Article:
You’ll work in teams on the final project. I have assigned each team member a lead role. The member who is the lead is responsible for meeting the deadline for this activity and also for this part of the presentation on the final day of class. This does not necessarily mean the lead person is responsible for doing all the work. For example, the technical lead is not responsible for building the entire site but he/she is responsible for assigning the work and meeting deadlines. All team members must “pull their weight” and not depend on others to complete the final project. On the final day of class, your team members will be assessing your work and role as a team member, so I will know if someone does not participate in the final project and this will be reflected in your final grade.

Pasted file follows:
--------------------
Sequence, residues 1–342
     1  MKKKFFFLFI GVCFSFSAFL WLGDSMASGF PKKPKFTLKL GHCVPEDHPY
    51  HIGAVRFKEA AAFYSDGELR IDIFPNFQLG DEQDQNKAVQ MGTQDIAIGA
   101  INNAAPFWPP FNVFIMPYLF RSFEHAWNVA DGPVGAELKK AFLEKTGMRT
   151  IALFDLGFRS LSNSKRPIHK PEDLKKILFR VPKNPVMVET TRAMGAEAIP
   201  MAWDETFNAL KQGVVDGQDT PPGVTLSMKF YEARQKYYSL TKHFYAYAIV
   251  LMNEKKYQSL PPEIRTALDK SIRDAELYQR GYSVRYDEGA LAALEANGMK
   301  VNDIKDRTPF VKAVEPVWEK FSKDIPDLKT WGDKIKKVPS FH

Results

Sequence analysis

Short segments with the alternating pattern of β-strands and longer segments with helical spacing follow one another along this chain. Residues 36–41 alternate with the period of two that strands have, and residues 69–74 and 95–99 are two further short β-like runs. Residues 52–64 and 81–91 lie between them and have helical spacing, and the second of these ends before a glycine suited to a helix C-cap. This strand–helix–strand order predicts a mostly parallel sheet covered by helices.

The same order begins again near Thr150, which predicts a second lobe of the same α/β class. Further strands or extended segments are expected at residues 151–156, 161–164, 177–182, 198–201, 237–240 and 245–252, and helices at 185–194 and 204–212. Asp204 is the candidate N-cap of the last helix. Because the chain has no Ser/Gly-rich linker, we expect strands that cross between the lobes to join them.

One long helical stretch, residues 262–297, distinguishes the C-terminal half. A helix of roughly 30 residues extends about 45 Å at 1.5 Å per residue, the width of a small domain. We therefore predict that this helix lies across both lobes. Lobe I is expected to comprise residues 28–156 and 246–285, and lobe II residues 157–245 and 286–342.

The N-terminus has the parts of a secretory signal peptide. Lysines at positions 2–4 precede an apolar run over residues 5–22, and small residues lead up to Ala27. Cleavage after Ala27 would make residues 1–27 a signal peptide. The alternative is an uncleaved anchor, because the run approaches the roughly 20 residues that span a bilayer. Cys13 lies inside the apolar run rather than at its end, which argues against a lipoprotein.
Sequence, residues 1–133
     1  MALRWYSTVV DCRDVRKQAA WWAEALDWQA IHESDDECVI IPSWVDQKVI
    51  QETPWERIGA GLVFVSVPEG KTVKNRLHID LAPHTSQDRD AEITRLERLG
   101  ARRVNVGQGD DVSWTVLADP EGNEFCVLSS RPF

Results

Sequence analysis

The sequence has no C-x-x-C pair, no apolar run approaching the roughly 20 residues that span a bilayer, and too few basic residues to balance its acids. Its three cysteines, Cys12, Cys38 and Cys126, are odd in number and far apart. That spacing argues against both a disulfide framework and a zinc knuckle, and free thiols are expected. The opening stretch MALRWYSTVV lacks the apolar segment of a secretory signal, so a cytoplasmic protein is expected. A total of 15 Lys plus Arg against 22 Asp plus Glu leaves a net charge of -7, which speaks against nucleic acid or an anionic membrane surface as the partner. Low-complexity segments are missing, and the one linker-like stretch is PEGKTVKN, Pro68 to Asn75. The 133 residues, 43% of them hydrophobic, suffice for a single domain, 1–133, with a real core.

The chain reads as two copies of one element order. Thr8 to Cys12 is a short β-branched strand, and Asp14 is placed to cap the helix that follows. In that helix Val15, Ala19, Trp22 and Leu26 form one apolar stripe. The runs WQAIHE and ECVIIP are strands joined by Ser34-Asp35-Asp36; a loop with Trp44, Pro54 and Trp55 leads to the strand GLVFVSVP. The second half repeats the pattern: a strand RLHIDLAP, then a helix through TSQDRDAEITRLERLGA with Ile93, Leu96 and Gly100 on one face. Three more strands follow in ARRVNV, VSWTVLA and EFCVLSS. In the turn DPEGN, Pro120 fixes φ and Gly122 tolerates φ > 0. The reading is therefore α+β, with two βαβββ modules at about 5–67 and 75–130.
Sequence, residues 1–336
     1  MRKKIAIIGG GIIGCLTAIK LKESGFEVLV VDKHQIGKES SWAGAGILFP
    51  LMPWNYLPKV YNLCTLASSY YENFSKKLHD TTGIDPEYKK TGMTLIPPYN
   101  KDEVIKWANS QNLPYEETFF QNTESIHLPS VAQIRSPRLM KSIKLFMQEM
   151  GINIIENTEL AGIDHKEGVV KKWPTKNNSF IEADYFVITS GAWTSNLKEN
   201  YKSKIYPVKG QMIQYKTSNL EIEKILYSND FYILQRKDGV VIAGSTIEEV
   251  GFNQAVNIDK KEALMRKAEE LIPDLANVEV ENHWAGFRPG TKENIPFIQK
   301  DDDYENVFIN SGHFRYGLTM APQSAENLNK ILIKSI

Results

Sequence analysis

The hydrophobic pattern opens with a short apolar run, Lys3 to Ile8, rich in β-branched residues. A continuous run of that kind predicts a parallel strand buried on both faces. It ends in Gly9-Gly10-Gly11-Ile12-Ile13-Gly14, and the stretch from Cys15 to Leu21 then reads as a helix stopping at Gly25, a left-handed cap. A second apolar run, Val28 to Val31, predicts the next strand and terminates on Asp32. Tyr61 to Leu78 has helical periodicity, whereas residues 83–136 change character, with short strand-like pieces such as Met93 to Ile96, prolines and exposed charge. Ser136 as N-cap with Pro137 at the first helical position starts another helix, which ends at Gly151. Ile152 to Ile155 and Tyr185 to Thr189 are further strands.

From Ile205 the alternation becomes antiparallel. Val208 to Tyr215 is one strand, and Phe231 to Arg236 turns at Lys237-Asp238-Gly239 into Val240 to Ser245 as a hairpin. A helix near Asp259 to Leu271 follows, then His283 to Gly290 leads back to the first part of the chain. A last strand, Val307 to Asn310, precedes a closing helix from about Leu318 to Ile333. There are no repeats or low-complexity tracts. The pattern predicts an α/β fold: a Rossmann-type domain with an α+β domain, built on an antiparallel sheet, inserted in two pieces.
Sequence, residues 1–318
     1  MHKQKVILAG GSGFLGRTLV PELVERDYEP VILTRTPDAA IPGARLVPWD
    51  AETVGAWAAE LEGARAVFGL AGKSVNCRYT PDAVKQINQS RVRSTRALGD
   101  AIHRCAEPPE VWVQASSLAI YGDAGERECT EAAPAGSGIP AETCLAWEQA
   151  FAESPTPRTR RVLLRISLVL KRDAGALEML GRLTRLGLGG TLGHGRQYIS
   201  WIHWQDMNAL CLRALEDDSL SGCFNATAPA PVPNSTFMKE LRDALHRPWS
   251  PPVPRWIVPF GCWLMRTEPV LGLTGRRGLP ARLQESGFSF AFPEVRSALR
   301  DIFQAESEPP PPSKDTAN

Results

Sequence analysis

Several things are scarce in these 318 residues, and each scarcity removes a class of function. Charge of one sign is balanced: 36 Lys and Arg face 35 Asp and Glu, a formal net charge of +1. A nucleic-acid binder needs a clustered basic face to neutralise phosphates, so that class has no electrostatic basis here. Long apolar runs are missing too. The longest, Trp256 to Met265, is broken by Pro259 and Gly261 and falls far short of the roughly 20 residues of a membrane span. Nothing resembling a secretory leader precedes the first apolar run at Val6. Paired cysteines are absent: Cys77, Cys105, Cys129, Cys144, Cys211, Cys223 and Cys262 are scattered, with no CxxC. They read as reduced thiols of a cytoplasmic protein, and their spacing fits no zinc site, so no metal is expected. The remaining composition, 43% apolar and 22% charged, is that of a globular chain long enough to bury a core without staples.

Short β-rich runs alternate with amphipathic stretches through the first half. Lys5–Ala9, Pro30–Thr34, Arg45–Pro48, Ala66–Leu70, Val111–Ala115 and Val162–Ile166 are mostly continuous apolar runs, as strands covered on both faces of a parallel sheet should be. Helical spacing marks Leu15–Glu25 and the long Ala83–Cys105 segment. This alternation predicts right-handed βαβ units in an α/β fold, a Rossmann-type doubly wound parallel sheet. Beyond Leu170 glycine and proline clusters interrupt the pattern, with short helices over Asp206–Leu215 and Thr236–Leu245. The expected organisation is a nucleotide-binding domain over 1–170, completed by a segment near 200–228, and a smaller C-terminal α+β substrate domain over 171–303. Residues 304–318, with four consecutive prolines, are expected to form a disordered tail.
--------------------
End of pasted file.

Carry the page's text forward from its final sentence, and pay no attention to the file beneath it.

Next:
The purpose of working in teams is to give you the experience of working on a project as part of a group. Few web sites are built as solo projects— most web sites are build by a team of players who are experts in their fields.

The final project web site specifications are:

  • 10-12 complete pages (and placeholder pages for other pages when applicable).
  • Project must successfully meet the goals for the site outlined for each class web site. (See notes in Class Final Projects section)
  • A clear navigation system.
  • A successful sub navigation system.
  • A strong visual design.
  • A theme and visual concept that carries through the site.
  • A design that works well on 1024×728 displays (i.e. navigation & primary content inside 990×560).
  • You must use some html text in the site.
  • You must use an external CSS file.
  • Use of royalty free images.
  • A mobile app or mobile website prototype.
  • Create a Jing (.swf) or Snapz Pro (.mov) demo of your site (10 mins maximum).
  • Completion of a site map.